Zondo blames poor municipal performance on incompetent and unskilled people

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Chief Justice Raymond Zondo says the poor performance of municipalities in the country is due to the appointment of non-competent and non-qualifying people in public service office positions in South African municipalities.

Justice Zondo was delivering the OR Tambo Lecture at the University of Fort Hare in Alice on Friday.

Zondo says the mismanagement of State Owned Enterprises is all due to corruption and the failure of political leaders to uphold OR Tambo’s values.

“There can be no doubt that some of the municipalities are dysfunctional and on the brink of collapse because the majority of the people appointed to higher positions are unqualified and are incompetent for the positions they are appointed for. If they do qualify for these positions then the problem may be that they lack integrity, and then the problem may be that they would have been appointed in those positions as a favour. And they know it,” says Zondo.

Chief Justice Raymond Zondo takes swipe at government over corruption:

Dignity of South African youth

Chief Justice Zondo believes the government is nowhere close to what OR Tambo and other struggle stalwarts fought for. He says Oliver Tambo would be ashamed of seeing children die in pit toilets after they fought apartheid to restore the dignity of South African youth and better education.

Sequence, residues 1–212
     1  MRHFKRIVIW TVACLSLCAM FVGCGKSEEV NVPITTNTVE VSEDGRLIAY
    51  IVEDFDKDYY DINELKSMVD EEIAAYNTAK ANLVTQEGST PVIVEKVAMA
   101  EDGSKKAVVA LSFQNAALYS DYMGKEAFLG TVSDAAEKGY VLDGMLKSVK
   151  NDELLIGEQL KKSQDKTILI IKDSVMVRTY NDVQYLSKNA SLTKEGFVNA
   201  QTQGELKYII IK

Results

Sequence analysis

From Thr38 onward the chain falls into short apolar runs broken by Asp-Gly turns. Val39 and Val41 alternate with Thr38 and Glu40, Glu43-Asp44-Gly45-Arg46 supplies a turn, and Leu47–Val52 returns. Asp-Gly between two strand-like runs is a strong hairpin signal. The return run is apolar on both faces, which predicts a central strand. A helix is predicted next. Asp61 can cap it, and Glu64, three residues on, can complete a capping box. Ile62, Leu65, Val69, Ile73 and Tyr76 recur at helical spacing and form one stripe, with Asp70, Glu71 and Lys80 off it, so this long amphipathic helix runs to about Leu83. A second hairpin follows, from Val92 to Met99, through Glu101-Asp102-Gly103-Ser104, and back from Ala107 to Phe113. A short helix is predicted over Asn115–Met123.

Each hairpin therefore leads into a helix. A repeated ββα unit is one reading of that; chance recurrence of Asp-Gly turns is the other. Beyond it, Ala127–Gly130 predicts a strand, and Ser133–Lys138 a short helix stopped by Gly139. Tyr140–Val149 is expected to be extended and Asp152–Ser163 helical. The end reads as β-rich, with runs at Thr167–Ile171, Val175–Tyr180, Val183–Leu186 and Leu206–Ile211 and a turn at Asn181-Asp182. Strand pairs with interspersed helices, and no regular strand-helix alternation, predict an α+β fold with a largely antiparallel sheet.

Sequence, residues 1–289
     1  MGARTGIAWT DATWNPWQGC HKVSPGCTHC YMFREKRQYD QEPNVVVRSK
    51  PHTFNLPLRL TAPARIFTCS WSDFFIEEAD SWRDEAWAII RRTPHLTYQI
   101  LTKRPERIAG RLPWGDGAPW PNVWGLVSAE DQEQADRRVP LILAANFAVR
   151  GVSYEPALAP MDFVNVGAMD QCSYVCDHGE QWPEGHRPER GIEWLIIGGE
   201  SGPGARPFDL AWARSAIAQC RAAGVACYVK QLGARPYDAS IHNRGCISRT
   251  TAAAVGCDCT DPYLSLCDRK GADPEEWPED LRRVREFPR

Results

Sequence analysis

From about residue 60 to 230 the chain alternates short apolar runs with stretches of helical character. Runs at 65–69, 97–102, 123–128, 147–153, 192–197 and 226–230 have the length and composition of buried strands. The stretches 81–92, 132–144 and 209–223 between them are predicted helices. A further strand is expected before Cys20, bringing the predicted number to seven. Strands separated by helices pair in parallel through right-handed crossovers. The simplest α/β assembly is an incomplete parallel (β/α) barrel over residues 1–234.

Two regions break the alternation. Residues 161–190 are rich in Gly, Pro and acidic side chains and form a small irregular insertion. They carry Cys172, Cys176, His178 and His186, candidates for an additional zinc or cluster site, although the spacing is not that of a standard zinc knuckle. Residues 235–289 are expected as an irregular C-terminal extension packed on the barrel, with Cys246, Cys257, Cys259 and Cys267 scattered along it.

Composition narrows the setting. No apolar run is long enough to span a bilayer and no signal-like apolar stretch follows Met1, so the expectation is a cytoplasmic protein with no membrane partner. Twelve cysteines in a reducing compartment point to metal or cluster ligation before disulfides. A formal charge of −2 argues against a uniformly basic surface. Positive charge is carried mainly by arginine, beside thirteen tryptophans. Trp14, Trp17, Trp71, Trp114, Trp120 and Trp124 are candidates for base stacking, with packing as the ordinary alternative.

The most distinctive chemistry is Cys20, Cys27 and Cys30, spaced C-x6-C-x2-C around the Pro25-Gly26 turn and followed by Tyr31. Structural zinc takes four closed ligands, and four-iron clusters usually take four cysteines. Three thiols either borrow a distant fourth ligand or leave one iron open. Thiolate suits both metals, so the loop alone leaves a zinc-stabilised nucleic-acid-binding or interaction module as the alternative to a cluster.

“Oliver Tambo would have been very unhappy that there are hundreds and thousands of black learners in this country who attend schools which have got no libraries, who attend schools made of mud, and who attend schools in rural areas that still have pit toilets. He would find it unforgivable that thirty years into our democracy there are primary kids who die cause they fall into pit toilets.”

The Dean of Law at Fort Hare, Prof Mzukisi Njotini, says the lecture aims to give a clear understanding of the impact of democracy and the role of justice in society.

“We can ask the question, does law triumph over justice? If so, does democracy have a role to play in the latter regard? And if the answer is yes, what it is that democracy can play? These questions inform the discussions we are having today. They particularly touch on the theme of this public lecture.”

 Chief Justice Raymond Zondo’s OR TAMBO Public lecture at the University of Fort Hare: